To be honest I still don't see it:

forprime(p = 2, n, primorial *= p); #digits(primorial)

Isn't this just a loop that calculates the primorial?
____________
1281979 * 2^485014 + 1 is prime ... no further hits up to: n = 5,700,000

Yves Gallot Volunteer developer
Project scientist

Joined: 19 Aug 12
Posts: 843
ID: 164101
Credit: 306,540,505
RAC: 5,390 Message 146340 - Posted: 8 Dec 2020 | 10:26:21 UTC - in response to Message 146337.

Apparently I misunderstood that post, I thought it also comprised calculating p#.
To be honest I still don't see it:
forprime(p = 2, n, primorial *= p); #digits(primorial)
Isn't this just a loop that calculates the primorial?

Yes, it is. Or you compute p# and print the number of digits or you use the estimate p# ~ ep.
You can't compute the exact value of p# without a loop.

Message 146351 - Posted: 8 Dec 2020 | 13:04:45 UTC - in response to Message 146141.

Explaining Yves's post:

How can the number of digits of a primorial be estimated?

We have log(p#) ~ p then #digits(p#) ~ p / log(10).

Above, Yves gave a way to approximate/estimate the number of digits of p#, namely to use the formula p/log(10). Here, clearly, log denotes the natural logarithm.
n = 1000003 primorial = 1; forprime(p = 2, n, primorial *= p); #digits(primorial) => 433643

Above, Yves used p=1000003 as an example. He first calculated the exact number of digits in 1000003# with "brute force", and got 433643 digits.
n / log(10) => 434295.785

Above, Yves used his approximation to estimate the number of digits in 1000003#. This method gives 434295.785. This should be compared to the earlier exact value 433643.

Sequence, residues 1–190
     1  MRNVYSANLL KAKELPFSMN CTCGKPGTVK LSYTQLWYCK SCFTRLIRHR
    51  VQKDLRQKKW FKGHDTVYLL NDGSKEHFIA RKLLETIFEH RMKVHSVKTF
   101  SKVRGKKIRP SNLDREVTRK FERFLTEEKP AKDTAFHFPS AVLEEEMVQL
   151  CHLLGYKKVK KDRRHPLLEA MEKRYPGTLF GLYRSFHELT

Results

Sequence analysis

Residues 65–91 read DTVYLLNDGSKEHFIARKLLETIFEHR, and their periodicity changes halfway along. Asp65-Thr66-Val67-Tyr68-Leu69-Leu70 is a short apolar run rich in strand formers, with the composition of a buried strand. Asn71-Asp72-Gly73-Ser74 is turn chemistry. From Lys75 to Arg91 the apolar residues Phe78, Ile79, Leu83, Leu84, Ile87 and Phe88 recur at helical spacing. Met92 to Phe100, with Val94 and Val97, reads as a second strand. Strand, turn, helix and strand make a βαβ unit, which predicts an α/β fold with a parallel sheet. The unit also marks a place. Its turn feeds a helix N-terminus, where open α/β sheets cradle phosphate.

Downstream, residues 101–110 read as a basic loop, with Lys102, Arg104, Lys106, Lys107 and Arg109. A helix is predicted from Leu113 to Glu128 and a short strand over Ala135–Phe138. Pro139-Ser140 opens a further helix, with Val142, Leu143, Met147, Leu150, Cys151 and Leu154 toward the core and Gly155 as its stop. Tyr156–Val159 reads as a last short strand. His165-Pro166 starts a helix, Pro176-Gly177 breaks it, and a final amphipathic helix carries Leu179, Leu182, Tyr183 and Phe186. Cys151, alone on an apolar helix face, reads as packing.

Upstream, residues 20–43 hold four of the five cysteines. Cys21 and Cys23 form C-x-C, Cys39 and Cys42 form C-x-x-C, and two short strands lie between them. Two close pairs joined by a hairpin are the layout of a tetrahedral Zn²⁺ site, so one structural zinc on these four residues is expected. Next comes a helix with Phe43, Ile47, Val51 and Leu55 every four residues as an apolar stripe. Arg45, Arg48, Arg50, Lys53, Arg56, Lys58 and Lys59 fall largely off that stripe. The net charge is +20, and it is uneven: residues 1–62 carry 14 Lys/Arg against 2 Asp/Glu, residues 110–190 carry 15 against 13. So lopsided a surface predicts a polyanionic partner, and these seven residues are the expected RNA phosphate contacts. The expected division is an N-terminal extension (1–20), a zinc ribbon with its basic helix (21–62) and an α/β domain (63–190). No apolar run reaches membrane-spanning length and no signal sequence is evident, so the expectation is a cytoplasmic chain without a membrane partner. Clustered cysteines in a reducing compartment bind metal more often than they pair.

We see, that both values are about 434 thousand. So Yves demonstrated that his method does work, as an approximation.

/JeppeSN

Message 146382 - Posted: 8 Dec 2020 | 18:34:40 UTC - in response to Message 146351.

I finally got it, very interesting again.

Slightly off-topic: in PARI/GP log() is the natural logarithm. Is there any built-in function for the decadic logarithm? Always dividing to transform it is a bit cumbersome.
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1281979 * 2^485014 + 1 is prime ... no further hits up to: n = 5,700,000

Message 146408 - Posted: 8 Dec 2020 | 22:54:25 UTC - in response to Message 146382.

Slightly off-topic: in PARI/GP log() is the natural logarithm. Is there any built-in function for the decadic logarithm? Always dividing to transform it is a bit cumbersome.

No. With:
lg(x)=log(x)/log(10)

which is the same as:
lg=x->log(x)/log(10)

you can define this function yourself.
Note that there is a built-in logint function for integer logarithms. For example:

will give you the floor (an integer) of the base 10 logarithm of the number 1234^65536+1 (documented as the largest integer e such that 10^e <= 1234^65536+1).

/JeppeSN

Message 146493 - Posted: 10 Dec 2020 | 18:31:01 UTC - in response to Message 146408.

So logint() accepts the base as a parameter. Why does it return the floor though? Otherwise it'd be exactly what I was looking for.
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1281979 * 2^485014 + 1 is prime ... no further hits up to: n = 5,700,000

Message 146529 - Posted: 11 Dec 2020 | 8:44:43 UTC - in response to Message 146493.

So logint() accepts the base as a parameter. Why does it return the floor though? Otherwise it'd be exactly what I was looking for.

I think they wanted to make it an exact function. If they had returned a floating-point number (called t_REAL by PARI), there would be rounding involved. If you had a result that was very close to an integer, then in theory, because of the inexactness of t_REAL, you could risk that your output was on the "wrong side" of that integer . You can define a function
(x,b) -> log(x)/log(b)
if you still want floating point.

/JeppeSN

Message boards : Project Staging Area : Number of digits of primorials